You have to go industry by industry and company by company. For example, one of the companies we really liked was is one of the largest suppliers to the auto industry. If, for whatever reason, those cars are no longer made in Mexico and that market dries up, they will have to struggle to pay their obligations. So it's a company that we have to be careful with.

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“Sovereign emerging debt is no longer that attractive because the spreads have narrowed dramatically.”

But Bimbo, the bread company, they are now in 27 countries, they generate around four times their need of dollars to meet their obligations, but their biggest market and domestic consumption is still Mexico, even though they bought Entenmann's and they bought a big chunk of Sara Lee's cake manufacturing arm. So they're an important company there and in the U.S. We're very comfortable with them, as they are solely profitable and they are global. So for us, getting a pick up in returns from a company like that is like getting a gift.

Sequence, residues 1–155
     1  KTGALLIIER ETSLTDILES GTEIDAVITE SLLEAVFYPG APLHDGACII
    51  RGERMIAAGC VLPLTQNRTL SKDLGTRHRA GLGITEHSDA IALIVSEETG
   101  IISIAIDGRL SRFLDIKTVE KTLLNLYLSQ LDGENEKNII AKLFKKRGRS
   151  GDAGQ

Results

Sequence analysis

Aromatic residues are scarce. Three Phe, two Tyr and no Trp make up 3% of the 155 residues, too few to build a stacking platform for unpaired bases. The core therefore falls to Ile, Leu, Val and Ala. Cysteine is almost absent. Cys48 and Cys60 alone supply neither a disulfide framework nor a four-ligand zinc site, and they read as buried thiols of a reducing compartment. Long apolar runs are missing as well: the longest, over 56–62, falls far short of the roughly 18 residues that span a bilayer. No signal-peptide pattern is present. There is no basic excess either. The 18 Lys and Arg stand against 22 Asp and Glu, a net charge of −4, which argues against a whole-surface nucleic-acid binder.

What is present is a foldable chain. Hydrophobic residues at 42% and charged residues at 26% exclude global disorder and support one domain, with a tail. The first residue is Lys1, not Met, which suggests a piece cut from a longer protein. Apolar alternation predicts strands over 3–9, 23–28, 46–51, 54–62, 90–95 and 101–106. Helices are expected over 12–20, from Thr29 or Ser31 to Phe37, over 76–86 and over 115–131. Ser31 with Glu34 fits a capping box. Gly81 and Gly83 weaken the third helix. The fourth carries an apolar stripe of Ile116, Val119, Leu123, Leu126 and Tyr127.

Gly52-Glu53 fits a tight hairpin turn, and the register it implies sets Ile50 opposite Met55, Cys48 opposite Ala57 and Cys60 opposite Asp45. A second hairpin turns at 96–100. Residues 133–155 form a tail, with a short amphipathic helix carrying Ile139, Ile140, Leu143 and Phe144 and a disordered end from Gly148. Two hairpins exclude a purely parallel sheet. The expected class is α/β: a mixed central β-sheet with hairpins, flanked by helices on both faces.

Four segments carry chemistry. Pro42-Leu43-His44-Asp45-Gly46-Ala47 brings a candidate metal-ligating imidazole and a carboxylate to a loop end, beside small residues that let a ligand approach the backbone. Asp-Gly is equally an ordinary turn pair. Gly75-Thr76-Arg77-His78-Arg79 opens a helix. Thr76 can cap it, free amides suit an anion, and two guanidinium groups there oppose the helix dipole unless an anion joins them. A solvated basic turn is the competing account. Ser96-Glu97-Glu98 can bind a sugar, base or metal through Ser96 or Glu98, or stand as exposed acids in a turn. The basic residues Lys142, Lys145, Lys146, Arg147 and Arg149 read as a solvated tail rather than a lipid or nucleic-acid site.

Are there countries weighted more in your portfolio? Do you consider some regions less prone to volatility than others right now?
We are very leery of countries that are leaning too much to the left or where there is a lot of power by one individual to make a change. You can do all the analysis and check the financials, but one decision by the president will change everything, we stay away from that market.

We don't do anything in Venezuela, for example.We don't do anything in Nicaragua, we don't do anything in Ecuador. When the outgoing president came in, three days after he took power he announced that the previous administration did not ask permission from congress to issue dollar denominated debt, so he was not recognizing that debt. And the paper went from 103 to 31 cents overnight.

So we definitely avoid that. When Colombia was being run by the drug dealers, we didn't have anything in Colombia. After they reached a truce and cleaned up their act, Colombia has become very attractive. Peru had a leftist government that was unreliable. They changed governments, we re-analyzed the country and the country looks great. So Peru is now one of our main areas of investment.